I am wondering if offering all these amenities just lead to too high of expectations. I am considering removing the grill because there is no way I am paying for charcoal and I don’t want people to expect it. What about paper towels. How many rolls do you provide? What do you all think?

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I leave one roll of paper towels per stay. (The apartment sleeps two and most guests are couples). I leave two rolls of toilet paper. And I tell guests to contact me if there’s anything they need. They’ve never asked for more of the paper stuff.

There are snacks provided for arrival and their first breakfast. Toiletries are supplied in the bathroom. Some guests use absolutely everything, others use nothing so it balances out in the end. The only thing I can remember a guest asking for as regards supplies are extra trash bags (which is a good thing!)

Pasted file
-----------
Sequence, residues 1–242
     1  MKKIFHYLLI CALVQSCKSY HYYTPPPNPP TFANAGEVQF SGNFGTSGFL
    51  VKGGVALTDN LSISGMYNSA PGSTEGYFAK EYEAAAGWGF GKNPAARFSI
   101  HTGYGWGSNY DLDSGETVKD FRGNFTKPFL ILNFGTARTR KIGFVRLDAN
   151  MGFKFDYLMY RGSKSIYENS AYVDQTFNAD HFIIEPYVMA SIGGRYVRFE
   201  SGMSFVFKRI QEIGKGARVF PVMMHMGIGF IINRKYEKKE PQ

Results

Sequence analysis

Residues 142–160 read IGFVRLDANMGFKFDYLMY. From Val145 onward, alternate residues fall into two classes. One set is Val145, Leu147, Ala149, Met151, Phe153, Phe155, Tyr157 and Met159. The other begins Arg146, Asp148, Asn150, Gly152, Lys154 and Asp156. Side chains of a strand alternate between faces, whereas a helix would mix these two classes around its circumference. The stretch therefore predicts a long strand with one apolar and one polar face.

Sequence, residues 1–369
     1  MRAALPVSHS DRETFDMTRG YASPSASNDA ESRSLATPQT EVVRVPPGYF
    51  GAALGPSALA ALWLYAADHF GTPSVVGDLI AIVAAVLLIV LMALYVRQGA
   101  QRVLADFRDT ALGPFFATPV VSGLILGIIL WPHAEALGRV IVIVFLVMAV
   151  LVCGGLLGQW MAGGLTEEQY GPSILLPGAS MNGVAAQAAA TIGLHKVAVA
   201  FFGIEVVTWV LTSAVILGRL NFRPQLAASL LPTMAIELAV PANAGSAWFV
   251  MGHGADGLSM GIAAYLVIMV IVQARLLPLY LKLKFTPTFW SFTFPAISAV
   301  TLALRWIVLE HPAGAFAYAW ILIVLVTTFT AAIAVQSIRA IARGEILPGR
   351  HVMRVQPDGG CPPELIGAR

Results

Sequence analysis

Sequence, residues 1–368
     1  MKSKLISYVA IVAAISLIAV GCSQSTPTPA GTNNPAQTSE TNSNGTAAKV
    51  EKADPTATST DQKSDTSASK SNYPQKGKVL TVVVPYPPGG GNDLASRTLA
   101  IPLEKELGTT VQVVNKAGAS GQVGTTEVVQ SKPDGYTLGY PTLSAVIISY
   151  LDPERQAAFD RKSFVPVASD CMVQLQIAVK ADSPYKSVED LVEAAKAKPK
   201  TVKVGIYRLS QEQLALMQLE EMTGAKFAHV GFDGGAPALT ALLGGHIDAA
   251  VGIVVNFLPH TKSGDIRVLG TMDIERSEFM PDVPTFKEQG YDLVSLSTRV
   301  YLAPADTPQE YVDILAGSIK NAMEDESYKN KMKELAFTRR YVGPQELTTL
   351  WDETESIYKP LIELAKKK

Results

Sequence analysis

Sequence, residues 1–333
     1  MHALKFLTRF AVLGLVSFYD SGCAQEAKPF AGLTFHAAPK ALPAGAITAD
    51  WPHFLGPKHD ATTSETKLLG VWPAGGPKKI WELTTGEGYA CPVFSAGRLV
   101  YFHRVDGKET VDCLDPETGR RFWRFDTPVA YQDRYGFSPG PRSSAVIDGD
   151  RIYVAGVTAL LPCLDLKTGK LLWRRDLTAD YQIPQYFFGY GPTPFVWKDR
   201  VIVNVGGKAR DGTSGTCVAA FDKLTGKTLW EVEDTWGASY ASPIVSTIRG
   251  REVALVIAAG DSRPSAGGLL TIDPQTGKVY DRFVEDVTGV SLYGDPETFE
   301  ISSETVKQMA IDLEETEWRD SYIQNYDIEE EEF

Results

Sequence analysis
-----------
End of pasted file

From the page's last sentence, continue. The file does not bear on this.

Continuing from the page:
We have a gas grill and sometimes people ask if they can use it. I say that they can, but they’ll need to buy the gas canister thingy. But I don’t think anyone has ever used it.

A roll of paper towels should be sufficient to get them started.

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We rent a br in our home with pvt bath. I put one extra roll of tp, a bottle of body wash and a shampoo and conditioner. I think if a guest sees too many extra things they tend to be wasteful. I do bake scones for the guests breakfast. We don’t have a grill but I wouldn’t want to have guests use it if we did. Guests can be clueless about proper use, imho